We do not release ourselves from the power of money by leaving the EU. We just exchange one version for another: another that is even worse. This is not an inspiring position from which to vote remain. But it is a coherent one.

The European Union is the worst choice – apart from the alternative: The EU is a festering cesspool. But it’s a crystal spring compared with what the outers want to do – surrender Britain’s sovereignty to the United States

Here are some other articles by George Moinbot

From Sept 2015 another article from The Guardian that was linked to in the article above

The City’s stranglehold makes Britain look like an oh-so-civilised mafia state: Dodgy donations, misselling, trading scandals, tax evasion: wherever you sniff, something stinks

It was from reading George's work that I first realized that "trade" deals included giving up sovereignty. It might have been this article from 2013 where I learned that.

This transatlantic trade deal is a full-frontal assault on democracy: Brussels has kept quiet about a treaty that would let rapacious companies subvert our laws, rights and national sovereignty


The author seems to say that the EU is so bad, that Britain must stay in it to help everybody else overthrow it??!! Wow! That's a strange gamble ...


Paul Craig Roberts has raised the issue of Brexit helping to break up NATO ...


It would be a hard blow to the EU community, if the UK left, - in the short run.
In the long run it would benefit the cohesiveness of it. The British attitude has always been too insular to fit into any team of nations. While the EEC through to EU is/was an excellent concept for peace and stability in Europe, the EU was patched together to hastily without the proper frame work.
It is time to step back and reassess the structure of the community and that can only be accomplished with members, who are committed to it.


Who cares what "Little England" thinks? The European economic experiment has been on the investment class' terms all along. If Nigel Farage thinks it's a good idea to leave, that's just a stopped watch being right twice a day. Break it up, it's a nightmare for working people and a prop to global neoliberalism.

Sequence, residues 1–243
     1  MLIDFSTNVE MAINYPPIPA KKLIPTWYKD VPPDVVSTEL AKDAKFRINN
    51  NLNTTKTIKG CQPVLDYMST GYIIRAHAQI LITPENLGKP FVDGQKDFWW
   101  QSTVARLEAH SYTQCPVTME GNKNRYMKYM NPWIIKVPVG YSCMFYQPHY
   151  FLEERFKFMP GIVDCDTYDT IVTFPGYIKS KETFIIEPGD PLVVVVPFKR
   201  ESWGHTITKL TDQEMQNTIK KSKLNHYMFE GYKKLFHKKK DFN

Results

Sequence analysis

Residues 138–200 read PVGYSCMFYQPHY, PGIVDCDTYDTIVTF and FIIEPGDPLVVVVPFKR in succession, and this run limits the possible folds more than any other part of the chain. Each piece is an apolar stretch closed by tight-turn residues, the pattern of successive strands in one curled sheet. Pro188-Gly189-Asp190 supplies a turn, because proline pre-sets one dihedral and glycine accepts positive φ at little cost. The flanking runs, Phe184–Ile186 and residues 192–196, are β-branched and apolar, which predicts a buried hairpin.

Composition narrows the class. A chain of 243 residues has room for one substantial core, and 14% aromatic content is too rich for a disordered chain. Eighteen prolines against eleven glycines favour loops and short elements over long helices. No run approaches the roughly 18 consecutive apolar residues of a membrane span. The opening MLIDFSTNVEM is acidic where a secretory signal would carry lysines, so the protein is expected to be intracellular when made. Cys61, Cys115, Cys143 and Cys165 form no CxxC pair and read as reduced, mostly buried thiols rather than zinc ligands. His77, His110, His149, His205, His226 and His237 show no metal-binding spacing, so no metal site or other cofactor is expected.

Yes, this is pretty much my position too. I spend quite a lot of my time arguing with people about why the EU is a terrible institution, but I spend more of my time arguing with people who think that leaving is any sort of solution. It's not even as though I feel that, on the day, I'm going to hold my nose and vote one way or the other; I think that leaving is a far worse proposition, but I am also not blind to the problems this country has put off tackling for too long - and, as I have noted elsewhere, the Leave campaign has dismally failed to make any serious proposals themselves, but has instead devoted its time and efforts to perpetuating a xenophobic view of the world (I have the official Remain leaflet in front of me, and probably about a quarter of it is devoted to implying that 89m people are planning to move here when their countries join the EU.) It's just that the Remain campaign has failed to make its case either - or, rather, its case has been "well it's OK, because we'll just opt-out of everything anyway."


Reading the article, it seems that the author is really saying that leaving the EU would be doing the right thing for all the wrong reasons. Britain will extend its brown tongue to maintain their "special relationship" regardless of whether they remain in the EU or not.


If the EU was a CIA/neoliberal child to begin with, and if the neoliberal establishment has such a vested interest in the EU, it's hard to believe they won't resort to vote fraud to defeat Brexit. Bernie's fate should have made that clear.